10 Tips for TIG Welding Sheet Metal

Delta Air Lines Technical Operations Center in Atlanta (Delta TechOps; 866-MRO-Delta or TechSales.Delta@delta.com ) is the largest airline MRO in North America. In addition to providing maintenance and engineering support for Delta’s fleet of aircraft...

Lens crafter
Always use a TIG torch with a gas lens. The lens, a screen inserted inside the cup, smoothes gas flow and prevents turbulence, which in turn widens the area of gas coverage. If necessary, it allows increasing electrode extension from 1/4- to 3/4-inch beyond the cup. Extending the electrode permits reaching into corners and better visibility of the weld area.

Mind the gap
To perform maintenance on some parts, Delta TechOps must cut them apart to gain access and then re-weld the part … while maintaining the part’s original dimensions. All parts shrink when welded, so plan ahead. Good R&D work, good fixturing, and experience can provide an indication of how much to “pre-gap” a part prior to welding. In other instances, if possible, create parts that are slightly larger than required and cut off or machine away excess material after welding.

To the point
Electricity likes to come off a point. Nothing focuses an arc more than a needle-sharp tungsten. A sharp tungsten directs the heat where you want it (and away from areas you don’t). Also, don’t weld with contaminated tungsten; it’s a recipe for rework.

Note that Delta TechOps has standardized on lanthenated electrodes for all applications. It holds a sharp point for low-amperage welding, works well with AC TIG on aluminum and magnesium, and works well for high-speed pulsed DC TIG.

Invert your thinking
High-speed pulsed DC TIG welding (100 to 150 pulses per second (PPS) or greater), stiffens and narrows the arc cone, greatly increasing a welder’s directional control over the weld puddle. Further, high-speed pulsing reduces total heat input. With conventional TIG technology and welding near an edge, welders have to stay on their toes to prevent the weld puddle from wicking over and melting the edge; there’s simply no extra metal to conduct the heat.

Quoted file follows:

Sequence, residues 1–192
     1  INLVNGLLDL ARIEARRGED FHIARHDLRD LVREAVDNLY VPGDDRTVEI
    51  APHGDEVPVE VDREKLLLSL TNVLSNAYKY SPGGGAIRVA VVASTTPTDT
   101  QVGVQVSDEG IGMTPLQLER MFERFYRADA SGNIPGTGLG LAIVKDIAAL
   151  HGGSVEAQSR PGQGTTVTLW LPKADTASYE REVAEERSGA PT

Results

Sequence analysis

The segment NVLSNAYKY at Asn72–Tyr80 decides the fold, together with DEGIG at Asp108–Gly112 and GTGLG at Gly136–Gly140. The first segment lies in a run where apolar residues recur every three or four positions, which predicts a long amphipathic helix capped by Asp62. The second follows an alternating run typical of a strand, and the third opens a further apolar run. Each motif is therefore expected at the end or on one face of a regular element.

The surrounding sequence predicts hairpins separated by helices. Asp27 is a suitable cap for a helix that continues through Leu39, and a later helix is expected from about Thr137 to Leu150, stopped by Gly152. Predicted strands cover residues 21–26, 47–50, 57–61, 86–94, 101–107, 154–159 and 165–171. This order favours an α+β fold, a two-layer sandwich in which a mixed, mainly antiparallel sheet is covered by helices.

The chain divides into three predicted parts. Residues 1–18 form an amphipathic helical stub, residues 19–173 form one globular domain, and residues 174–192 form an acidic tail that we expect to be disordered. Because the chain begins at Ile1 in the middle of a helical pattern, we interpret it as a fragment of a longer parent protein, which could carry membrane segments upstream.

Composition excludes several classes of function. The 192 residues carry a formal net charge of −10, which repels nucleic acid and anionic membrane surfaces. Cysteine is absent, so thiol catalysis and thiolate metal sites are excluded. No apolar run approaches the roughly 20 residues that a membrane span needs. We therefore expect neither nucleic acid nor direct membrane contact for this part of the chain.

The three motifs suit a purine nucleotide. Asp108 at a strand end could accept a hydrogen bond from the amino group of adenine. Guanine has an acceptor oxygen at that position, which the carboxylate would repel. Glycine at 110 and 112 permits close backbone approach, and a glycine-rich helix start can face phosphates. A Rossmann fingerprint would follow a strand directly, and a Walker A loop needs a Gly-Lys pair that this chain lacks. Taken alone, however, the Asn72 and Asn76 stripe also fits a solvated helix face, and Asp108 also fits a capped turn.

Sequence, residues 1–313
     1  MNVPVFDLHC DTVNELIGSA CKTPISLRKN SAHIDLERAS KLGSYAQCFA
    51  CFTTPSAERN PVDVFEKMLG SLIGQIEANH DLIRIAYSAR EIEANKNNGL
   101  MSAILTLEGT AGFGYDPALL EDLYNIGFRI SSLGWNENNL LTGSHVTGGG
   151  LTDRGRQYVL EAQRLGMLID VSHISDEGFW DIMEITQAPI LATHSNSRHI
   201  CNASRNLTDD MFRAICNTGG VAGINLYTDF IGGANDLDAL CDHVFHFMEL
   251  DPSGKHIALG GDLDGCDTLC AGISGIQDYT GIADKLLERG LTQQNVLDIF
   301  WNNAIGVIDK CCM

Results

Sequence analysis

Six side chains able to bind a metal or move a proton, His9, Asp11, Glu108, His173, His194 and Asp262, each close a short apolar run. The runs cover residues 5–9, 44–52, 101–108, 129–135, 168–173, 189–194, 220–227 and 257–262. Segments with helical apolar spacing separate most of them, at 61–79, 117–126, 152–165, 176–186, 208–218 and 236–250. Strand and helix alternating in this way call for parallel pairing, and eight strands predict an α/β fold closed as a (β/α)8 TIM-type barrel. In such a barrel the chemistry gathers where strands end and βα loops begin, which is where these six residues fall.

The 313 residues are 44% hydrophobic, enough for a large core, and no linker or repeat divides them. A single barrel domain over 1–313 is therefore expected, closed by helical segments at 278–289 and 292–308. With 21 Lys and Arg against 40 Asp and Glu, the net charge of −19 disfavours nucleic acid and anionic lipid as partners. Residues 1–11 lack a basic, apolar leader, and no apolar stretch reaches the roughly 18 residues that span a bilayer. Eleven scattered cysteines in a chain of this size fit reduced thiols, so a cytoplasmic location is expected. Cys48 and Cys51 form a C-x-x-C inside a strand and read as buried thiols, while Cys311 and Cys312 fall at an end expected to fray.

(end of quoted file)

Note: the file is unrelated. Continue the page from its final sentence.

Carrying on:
Note that conventional TIG welders cannot pulse faster than 10 PPS, where welders such as Miller Electric Mfg. Co.’s Maxstar and Dynasty inverters permit high-speed pulsing (500 or 5,000 PPS, depending on the model). As budget permits, Delta TechOps is adding more TIG inverters to its fleet for pulsed welding in many DC TIG applications. Collier concludes that, “Any tool that gives you more control over heat input is a good tool, especially in the high-precision world of aircraft maintenance.”

Brush up
Keep separate brushes for different metals to prevent cross contamination. Write the metal type on the handle of every brush. Stainless steel won’t be stainless and aluminum won’t be nonferrous if you clean the weld with a brush impregnated with carbon steel particles.

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